WASHINGTON — Christian ethicist Russell Moore has said that congregations too afraid of being political to speak out against acts of immorality, like abortion, are similar to churches in the 1800s that remained silent on the issue of slavery.
As the featured speaker at the Institute on Religion and Democracy's fifth annual Diane Knippers memorial lecture, Moore, the president of the Southern Baptist Ethics & Religious Liberty Commission, criticized mainstream Christian congregations that have relaxed their teachings on key issues of sexual morality and other social issues in order to blend in with the "ambient culture" and appeal to today's society.
Moore explained that religious conservatives need to "preserve" the biblical truth for future generations. Although secular society likes to claim that Christian conservatives are on the "wrong side of history," Moore told the audience that Christian conservatives should not be afraid to have their biblical convictions conflict with mainstream society and that they should really embrace the distinctive Christian message.
"This is something that Diane Knippers saw Mainline denominations losing as they believed that the best way to connect with the generations around them was to assimilate into the sameness of the ambient culture. That is a recipe for death," Moore argued.
"It's a recipe for death, precisely for the same reasons that Jesus is speaking to Pilate about a Kingdom that does not originate from the world. Christianity always thrives the best when we have a distinctive word and a distinctive word that is rooted in a specific view of authority. Jesus said, 'I have come to bear witness for the truth.'"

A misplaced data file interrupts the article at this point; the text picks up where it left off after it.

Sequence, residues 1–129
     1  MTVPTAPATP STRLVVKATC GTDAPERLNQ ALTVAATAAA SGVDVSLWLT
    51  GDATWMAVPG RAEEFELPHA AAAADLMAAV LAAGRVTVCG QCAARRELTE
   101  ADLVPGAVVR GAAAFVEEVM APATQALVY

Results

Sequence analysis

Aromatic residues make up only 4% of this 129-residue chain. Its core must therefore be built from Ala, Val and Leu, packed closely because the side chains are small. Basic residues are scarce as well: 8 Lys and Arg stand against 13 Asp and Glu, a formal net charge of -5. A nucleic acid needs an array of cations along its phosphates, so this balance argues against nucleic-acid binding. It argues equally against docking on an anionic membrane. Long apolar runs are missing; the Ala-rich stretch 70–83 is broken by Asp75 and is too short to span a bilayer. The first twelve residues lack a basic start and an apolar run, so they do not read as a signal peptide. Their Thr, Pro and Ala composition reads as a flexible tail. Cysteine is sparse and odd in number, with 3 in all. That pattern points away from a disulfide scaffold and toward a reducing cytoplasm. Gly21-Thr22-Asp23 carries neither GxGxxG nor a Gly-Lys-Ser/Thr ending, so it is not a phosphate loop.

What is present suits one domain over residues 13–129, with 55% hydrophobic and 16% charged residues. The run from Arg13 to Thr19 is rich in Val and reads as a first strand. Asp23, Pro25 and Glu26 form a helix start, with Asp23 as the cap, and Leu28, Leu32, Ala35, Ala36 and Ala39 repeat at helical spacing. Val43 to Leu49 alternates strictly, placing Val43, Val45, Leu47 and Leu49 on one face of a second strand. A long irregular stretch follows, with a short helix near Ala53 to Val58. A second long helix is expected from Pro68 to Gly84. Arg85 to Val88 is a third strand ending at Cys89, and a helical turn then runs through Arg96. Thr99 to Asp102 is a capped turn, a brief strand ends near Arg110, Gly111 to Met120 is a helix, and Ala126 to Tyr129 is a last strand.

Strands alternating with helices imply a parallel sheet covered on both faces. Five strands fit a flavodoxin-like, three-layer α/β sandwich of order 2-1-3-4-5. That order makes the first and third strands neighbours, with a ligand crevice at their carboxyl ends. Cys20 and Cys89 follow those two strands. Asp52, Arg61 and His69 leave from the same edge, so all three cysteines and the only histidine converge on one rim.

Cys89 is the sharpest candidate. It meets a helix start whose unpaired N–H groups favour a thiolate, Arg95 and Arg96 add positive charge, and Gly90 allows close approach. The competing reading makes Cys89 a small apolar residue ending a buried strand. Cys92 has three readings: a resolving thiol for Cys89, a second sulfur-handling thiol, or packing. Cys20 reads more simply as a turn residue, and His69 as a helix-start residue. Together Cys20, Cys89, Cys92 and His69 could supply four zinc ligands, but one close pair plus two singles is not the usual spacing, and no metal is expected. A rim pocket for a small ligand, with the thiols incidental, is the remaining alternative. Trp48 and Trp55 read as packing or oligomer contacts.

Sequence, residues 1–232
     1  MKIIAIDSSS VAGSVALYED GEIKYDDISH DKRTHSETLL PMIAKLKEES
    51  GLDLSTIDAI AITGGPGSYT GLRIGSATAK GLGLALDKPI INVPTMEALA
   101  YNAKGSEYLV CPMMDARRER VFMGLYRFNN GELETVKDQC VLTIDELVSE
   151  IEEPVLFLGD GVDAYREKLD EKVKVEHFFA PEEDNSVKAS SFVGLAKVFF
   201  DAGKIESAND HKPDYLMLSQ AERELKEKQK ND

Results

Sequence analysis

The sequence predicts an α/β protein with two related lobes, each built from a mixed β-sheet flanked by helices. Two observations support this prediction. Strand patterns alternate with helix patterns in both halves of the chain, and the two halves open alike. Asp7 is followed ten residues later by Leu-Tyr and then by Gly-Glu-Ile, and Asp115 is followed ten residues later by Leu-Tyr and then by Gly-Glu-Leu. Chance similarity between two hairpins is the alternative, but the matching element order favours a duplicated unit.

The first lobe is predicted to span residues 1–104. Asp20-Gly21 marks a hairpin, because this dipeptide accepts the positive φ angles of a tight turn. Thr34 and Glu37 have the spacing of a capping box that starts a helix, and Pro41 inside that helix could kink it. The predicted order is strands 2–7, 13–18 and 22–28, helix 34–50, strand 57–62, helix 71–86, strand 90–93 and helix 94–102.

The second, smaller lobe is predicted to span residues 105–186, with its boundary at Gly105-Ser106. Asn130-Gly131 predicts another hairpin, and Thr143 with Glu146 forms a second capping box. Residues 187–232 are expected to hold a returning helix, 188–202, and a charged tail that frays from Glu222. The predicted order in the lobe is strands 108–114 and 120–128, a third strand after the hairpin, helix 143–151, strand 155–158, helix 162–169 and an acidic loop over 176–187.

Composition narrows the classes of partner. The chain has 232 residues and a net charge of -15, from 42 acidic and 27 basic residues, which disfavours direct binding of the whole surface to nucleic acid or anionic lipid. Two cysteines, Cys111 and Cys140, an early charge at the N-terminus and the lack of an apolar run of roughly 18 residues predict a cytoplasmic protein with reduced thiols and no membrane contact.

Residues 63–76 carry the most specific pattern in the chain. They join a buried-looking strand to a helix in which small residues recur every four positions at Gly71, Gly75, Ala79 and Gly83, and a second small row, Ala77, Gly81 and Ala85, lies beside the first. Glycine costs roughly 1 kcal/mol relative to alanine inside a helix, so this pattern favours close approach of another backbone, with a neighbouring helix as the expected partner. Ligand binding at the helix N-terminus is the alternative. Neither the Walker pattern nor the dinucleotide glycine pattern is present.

"The arguments that we see happening right now over issues of human sexuality are not really about human sexuality," Moore continued. "These are debates of apostolic authority."
Despite the fact that religious conservative views on issues like gay marriage and abortion directly conflict with the views of a secular world, Moore assured that the historic Christian message has always conflicted with the world's understanding.
Although many congregations in the last 50 years have altered their views and teachings to accommodate the modern worldviews, Moore warned that churches that have historically distanced themselves from the biblical truth eventually failed to exist.
"The miraculous was startling in the first century and in every other century, so the churches who discarded it no longer had anything distinctive to say and withered and died into obscurity," Moore stated. "The churches who were willing to speak with a voice of authority about resurrection, the coming of Christ, supernatural regeneration by the Holy Spirit are the churches who had a witness to be able to bring forward."
Moore further argued that secularism is not the world's final "stopping point."
"Secularism is just a stop along the path," Moore said. "We must have a distinctive word in terms of claim to authority, and we must be willing to bear witness. We must be a conversionist people, which means that if we truly believe that the spirit of God is able to transform someone from sinner to saint, we will be the people who will not hesitate to speak the truth and to speak what often will be unpopular truths."
Churches have long been responsible for speaking the unpopular truths on social issues, not just in today's world where abortion and gay marriage are the hotly contested subjects, Moore said.
"The churches in 1845 Georgia that did not speak to slavery, were speaking to slavery," Moore said. "If you stand in the pulpit and call people to repentance for drunkenness and sexual immorality, but you do not call them to repentance for man-stealing and kidnapping and pretending to own another human being, you have spoken to that issue by saying that it will not be something for which one must give an account at the judgement."
"The churches in 1925 Mississippi that spoke about drunkenness and adultery, but did not speak about lynching, were speaking to lynching," Moore continued. "They were baptizing the status quo by not calling people to repentance for a grave sin against God and against a neighbor."
"The churches in 21st century America that do not speak to the personhood of the unborn are speaking to the personhood of the unborn by baptising the status quo and leaving consciences that are wounded and in need of Gospel liberation exactly where they are under accusation, rather than freeing them with a witness that is thought to be political."